Once it is part of the eurozone as a formal matter, the hope is that Latvia will reap even lower bond yields, lower interest rates and enhanced opportunities for investment as part of Europe’s economic and monetary core.

But that doesn’t mean there aren’t downsides to joining the eurozone.

One risk is that Latvia will join the eurozone with an exchange rate that’s too high, thereby leading to price inflation (a risk that Edward Hugh argues hurt Estonia following its entry into the eurozone in 2011).

But the two countries that have joined the eurozone since the sovereign debt crisis began have seen their economies grow — Slovakia is growing faster, in fact, than the Czech Republic.  And in the more immediate test case to Latvia’s north, Estonia’s GDP growth shot to nearly 8% in 2011, largely on the basis of a natural post-crisis bounce.  Though GDP growth fell back to an estimated 2.5% in 2012, that’s still relatively strong growth in comparison to the eurozone as a whole, especially in light of the significance of European exports as a component of Estonian GDP — Estonia is even more dependent on exports to other countries within the European Union than Latvia currently is.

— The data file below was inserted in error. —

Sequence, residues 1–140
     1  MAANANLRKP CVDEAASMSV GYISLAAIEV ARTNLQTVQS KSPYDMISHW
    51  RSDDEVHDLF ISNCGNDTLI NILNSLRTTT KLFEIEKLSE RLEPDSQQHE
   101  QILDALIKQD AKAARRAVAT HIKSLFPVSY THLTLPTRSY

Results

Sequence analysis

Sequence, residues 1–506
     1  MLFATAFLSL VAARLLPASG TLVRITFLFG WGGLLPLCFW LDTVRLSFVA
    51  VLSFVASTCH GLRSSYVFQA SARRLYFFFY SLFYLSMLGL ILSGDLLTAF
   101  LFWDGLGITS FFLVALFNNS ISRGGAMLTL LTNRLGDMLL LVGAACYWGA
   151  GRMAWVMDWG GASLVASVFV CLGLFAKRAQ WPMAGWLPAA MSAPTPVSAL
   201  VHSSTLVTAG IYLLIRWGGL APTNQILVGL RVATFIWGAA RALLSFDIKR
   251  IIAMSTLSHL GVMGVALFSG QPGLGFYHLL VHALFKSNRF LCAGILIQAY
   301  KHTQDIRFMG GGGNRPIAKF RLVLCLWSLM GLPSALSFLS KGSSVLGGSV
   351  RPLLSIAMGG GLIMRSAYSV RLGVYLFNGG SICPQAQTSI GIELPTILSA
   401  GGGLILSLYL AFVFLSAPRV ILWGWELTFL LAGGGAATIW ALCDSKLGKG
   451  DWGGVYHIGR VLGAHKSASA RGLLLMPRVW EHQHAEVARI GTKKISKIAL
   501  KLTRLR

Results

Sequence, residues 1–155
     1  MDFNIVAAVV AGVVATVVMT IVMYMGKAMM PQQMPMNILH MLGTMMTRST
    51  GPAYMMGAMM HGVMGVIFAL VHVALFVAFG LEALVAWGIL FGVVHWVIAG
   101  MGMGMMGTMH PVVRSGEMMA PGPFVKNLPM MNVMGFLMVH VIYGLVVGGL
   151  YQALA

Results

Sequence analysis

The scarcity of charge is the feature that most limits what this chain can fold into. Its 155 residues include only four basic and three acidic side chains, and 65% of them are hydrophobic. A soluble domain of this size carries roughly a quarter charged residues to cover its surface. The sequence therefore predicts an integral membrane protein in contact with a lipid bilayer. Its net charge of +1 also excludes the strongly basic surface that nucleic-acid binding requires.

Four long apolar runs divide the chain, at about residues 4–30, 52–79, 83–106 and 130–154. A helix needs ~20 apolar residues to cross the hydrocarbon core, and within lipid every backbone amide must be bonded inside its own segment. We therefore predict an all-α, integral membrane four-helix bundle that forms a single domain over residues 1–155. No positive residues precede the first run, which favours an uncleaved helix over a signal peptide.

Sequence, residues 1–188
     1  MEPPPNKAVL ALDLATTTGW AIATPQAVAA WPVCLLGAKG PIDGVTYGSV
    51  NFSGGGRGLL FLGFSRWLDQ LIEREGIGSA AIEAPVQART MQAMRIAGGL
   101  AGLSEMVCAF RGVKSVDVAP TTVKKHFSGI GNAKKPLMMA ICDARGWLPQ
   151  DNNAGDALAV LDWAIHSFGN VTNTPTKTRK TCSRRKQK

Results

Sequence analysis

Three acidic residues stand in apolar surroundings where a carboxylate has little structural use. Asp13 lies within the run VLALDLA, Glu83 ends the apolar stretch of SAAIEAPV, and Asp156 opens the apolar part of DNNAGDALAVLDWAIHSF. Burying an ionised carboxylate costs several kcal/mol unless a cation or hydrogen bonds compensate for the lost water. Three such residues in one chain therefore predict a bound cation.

Another more immediate downside is the  €320 million payment that Latvia will be expected to make to finance the bailout of countries that, despite their own half-decades of economic turmoil, are even richer than Latvia.  Though the payment will be spread out over five years, it’s in excess of 1% of Latvian GDP, not a small price to pay.